International experience demonstrates that corruption is often perceived to be a secretive and complex myriad of concealed crimes. It is very difficult to detect and to bring to justice those that are responsible, and so the collection of evidence, sufficient to mount an investigation, is very difficult.[8] In addition, those who are involved often deploy their power and influences to prevent law enforcement forces from identifying the crimes.[9] And yet the visible signs of corruption, such as a luxurious life style and a significant increase of wealth, usually disproportionate to the legitimate income of the public official under suspicion, represent examples of illicit enrichment and of the significant challenges that law enforcement faces. It is for this reason that UNCAC seeks to ensure that state parties adopt appropriate and feasible measures to address illicit enrichment with a view to recovering proceeds of crime and those assets acquired from corrupt activity.

The international experiences show that this measure can, if used effectively, compel public officials to justify the origin of their significant increased assets against their legitimate incomes.[10] The criminalization of illicit enrichment will not only support the fight against corruption, but may also assist in the prevention of other acquisitive crimes, such as smuggling, tax evasion, and money laundering.

Next steps for Vietnam in the fight against corruption

The rationale for creating an offence of illicit enrichment is simple; it is intended to prevent corrupt officials from enjoying the benefits of their ill-gotten gains. In so doing the State can seek to remove the underlying motivation for corruption - taking the profit out of crime.

Vietnam already has adopted some modern measures that aim to challenge, or at least identify, such illicit gain and the recovery of those assets. In July 2013, the Government issued new Decree No. 78/2013 on the transparency of asset and income declaration (replacing previous Decree No. 37/2007 and Decree No. 66/2011). It compares favorably to other international examples, at least in terms of the scope of the assets and income that falls to be declared. However, the system of asset and income declarations in Vietnam is restricted to just public officials and does not extend to, for example, spouses, children or close relatives. This is a fundamental flaw, as increasingly public officials do not receive the benefit of the bribes, or other corrupt activity directly but usually through a trusted third party such as a family member.[11] Furthermore, there is a lack of regulation against a failure to make a declaration, or when full and accurate asset information is not submitted in a transparent manner; the agency in charge of organizing and supervising the system has no legal mandate to be able to undertake primary investigations and there is a lack of access, or sharing of the information with the investigation and prosecution agencies.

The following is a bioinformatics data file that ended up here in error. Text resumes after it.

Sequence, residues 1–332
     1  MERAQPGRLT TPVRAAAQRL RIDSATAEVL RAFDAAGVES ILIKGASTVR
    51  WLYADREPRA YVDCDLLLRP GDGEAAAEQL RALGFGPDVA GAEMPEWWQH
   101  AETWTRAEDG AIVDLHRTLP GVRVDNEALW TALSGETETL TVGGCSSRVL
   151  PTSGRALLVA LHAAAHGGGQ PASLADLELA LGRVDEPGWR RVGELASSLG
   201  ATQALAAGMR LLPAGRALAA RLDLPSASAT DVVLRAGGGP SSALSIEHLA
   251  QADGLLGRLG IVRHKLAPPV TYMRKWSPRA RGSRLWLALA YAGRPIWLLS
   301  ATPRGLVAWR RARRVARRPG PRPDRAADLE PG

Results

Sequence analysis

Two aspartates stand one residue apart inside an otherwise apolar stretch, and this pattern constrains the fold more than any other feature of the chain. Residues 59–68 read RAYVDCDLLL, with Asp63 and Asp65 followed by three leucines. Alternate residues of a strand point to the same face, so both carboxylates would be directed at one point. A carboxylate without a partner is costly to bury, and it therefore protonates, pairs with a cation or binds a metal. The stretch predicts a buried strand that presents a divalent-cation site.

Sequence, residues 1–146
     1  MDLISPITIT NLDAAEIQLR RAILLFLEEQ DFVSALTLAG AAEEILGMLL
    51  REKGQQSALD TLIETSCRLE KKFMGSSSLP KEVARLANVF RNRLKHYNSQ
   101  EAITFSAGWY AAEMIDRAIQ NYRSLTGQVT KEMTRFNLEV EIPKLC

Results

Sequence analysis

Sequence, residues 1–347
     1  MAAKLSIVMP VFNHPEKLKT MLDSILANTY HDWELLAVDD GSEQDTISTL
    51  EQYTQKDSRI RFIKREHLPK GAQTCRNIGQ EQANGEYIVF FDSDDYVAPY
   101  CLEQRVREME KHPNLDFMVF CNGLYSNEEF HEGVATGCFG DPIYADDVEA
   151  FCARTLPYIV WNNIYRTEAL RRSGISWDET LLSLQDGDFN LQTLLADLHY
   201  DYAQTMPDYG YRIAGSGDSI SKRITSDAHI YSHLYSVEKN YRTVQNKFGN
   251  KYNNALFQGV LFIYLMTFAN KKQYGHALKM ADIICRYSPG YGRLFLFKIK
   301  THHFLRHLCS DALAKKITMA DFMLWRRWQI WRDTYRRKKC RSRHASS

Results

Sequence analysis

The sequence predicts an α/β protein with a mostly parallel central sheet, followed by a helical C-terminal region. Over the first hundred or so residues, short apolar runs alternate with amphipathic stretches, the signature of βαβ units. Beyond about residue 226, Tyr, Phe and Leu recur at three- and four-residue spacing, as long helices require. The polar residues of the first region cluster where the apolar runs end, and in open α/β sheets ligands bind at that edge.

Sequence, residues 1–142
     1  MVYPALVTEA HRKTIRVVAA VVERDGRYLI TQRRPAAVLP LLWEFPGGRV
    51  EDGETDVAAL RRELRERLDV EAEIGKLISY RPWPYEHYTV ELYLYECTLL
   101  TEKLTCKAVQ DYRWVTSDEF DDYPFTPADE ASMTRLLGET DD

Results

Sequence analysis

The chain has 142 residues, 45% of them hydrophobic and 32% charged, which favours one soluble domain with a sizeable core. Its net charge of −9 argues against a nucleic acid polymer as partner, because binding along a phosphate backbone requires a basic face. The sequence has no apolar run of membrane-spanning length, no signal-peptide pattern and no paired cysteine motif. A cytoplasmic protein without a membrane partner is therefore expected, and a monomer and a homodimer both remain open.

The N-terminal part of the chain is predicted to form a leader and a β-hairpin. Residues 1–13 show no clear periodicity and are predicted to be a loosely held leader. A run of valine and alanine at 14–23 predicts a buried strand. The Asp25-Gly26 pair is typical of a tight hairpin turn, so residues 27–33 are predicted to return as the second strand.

In terms of the confiscation of assets illicitly acquired, Article 41 of the Penal Code allows the State to confiscate objects or money acquired through the commission of crime, but only following a criminal conviction. Furthermore, Article 41 needs closer examination as it does not provide for the restraint of all assets, suspected of being the proceeds of crime, at the point of a formal investigation commencing, it works on the basis of object-based confiscation not value-based confiscation (meaning that if the assets or income have been dissipated there is often nothing left or its value has been used to purchase other items that are then beyond the reach of the law) and there is a lack of use of money laundering charges against those involved in receiving, converting, concealing or transferring assets and/or income wherever appropriate. Article 41 should be mainstreamed in its use with regard to all corruption investigations - reflecting both compliance with Vietnam’s international obligations and international best practice.